An example of microlearning are the video lessons at Masterplan with a maximum length of 8 minutes. They cover a specific topic or skill that is relevant to the learner's work. By focusing on one specific topic per lesson, the learner can quickly and effectively absorb the required knowledge.

The "Masterplan Shorts" format even goes one step further – from microlearning to "nanolearning": even shorter videos that do not build on each other in terms of content and thus represent small, compact "knowledge bites" that can be flexibly integrated into the learning experience.

2. The Flex Model / Online Driver

Infographic on the flex model


This blended learning concept relies on digital delivery of training (e-learning). It is a combination of synchronous training (e.g. live webinars, peer-to-peer learning, etc.) and asynchronous learning units (e.g. self-study e-courses).

Teaching paths are individual and fluid. The depth, frequency, and type of instructor support varies depending on the implementation model.

Face-to-face sessions, e-learning courses, project work, and individual coaching can be combined to meet participants' learning needs and preferences.


3. The Enriched Virtual Learning Model

Illustration of the enriched virtual learning model


Enriched Virtual Learning is a form of blended learning that focuses on online-based learning but also includes face-to-face activities. There may be a face-to-face seminar or workshop at the beginning or end of a learning path.

On the one hand, to help employees apply the knowledge they have acquired and, on the other, to give them the opportunity to practice their skills in a real environment.


It is conceivable, for example, to expand the à la carte model to an enriched virtual model and to enrich the individual learning paths with fixed appointments for a joint exchange or impulse lectures in presence.

Examples of Masterplan

1. Coffee xChange

At "Coffee xChange", participants exchange ideas on master plan content in a relaxed environment and share concrete ideas for their everyday work.

2. Lunch&Learn

At "Lunch & Learn", employees and managers meet regularly in various constellations to have lunch together - also digitally. They exchange ideas on master plan content and discuss how to apply what they have learned to their own work.

In this way, the relevance of the newly acquired knowledge is quickly crystallized and consolidated.

3. Expert-Session

Experts from their own companies bridge the gap between what they have learned at Masterplan and the real world. Participants learn first-hand how technologies and methods they learned from Masterplan are used in their own companies and gain valuable inspiration from this.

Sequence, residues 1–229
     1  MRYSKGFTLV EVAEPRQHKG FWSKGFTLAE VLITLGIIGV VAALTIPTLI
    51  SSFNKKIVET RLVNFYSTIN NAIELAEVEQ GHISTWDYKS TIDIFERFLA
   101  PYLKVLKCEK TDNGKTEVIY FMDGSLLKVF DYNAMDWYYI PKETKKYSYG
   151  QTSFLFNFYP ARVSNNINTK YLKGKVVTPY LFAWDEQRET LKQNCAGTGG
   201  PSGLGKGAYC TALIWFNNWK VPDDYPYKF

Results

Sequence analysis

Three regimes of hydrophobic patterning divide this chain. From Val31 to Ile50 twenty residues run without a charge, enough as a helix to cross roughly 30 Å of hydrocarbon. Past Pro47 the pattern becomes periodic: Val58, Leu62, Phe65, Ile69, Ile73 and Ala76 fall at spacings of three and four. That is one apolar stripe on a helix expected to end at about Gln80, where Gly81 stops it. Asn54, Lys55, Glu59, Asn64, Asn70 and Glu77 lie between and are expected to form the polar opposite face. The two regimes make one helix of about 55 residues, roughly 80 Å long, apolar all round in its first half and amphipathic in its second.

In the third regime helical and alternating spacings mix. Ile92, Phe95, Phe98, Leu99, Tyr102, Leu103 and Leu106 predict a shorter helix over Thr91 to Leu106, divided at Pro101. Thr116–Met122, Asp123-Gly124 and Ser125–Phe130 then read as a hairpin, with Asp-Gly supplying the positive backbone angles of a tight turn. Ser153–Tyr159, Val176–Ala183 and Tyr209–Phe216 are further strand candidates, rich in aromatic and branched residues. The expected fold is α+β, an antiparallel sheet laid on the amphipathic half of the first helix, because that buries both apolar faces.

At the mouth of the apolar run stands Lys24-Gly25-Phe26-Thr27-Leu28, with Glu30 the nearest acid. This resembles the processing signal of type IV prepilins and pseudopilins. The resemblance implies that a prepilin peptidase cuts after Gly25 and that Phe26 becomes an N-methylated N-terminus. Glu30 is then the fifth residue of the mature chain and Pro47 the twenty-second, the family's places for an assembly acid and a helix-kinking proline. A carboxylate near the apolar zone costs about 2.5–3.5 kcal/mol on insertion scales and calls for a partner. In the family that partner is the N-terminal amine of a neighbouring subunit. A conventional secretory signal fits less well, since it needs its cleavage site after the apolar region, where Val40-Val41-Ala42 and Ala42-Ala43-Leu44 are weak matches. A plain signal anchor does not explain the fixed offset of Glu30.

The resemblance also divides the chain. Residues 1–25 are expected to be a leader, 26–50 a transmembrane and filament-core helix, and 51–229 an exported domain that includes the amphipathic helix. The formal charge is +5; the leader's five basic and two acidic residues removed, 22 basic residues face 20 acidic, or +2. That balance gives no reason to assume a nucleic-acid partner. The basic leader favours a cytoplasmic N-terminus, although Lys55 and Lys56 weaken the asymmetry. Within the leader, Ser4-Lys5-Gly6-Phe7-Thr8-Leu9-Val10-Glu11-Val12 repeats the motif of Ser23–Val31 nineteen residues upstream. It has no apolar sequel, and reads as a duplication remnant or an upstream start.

4. Masterplan Cinema

At "Masterplan Cinema", individual lessons are viewed together in a large group and then explored in depth in a panel discussion.


4. The Rotation Model

Illustration of the rotation model


The rotation model is a form of blended learning in which employees switch between different learning environments at set time intervals. These learning environments can be both online and offline and have different focuses.

In contrast to the Flex model, a rotation is less self-directed. The teacher determines when which learning group changes learning formats and stations.

There are several variants of the rotation model. These include:

  1. Station Rotation: Employees switch between different learning stations set up by teachers, e.g. frontal teaching, video course and group work.
  2. Flipped Classroom: Employees receive online-based teaching units. In the classroom training, the knowledge acquired is then applied by means of practical tasks.
  3. Individual Rotation: Employees go through individual learning plans developed by teachers. They then switch between different learning activities, such as online-based learning, face-to-face teaching, self-study.


Blended Learning – Mixing for the Benefit of Employees

Blended learning can noticeably improve the learning experience in companies with the advantages mentioned. We have shown that there are many exciting models and how they can look in practice.

The most important thing: Don't get confused by the variety of options! Blended learning does not have to be complicated. The starting point for all considerations is always the needs of the employees.

Start small, launch pilot projects and listen to the feedback of your learners. This way you can keep improving concepts and prepare your employees perfectly for the future!


FAQ on the Topic

Manfred Rump

Manfred Rump is Senior Content Marketing Manager at Masterplan. In the blog, he shares insights from his conversations with learning experts and highlights current learning trends in companies.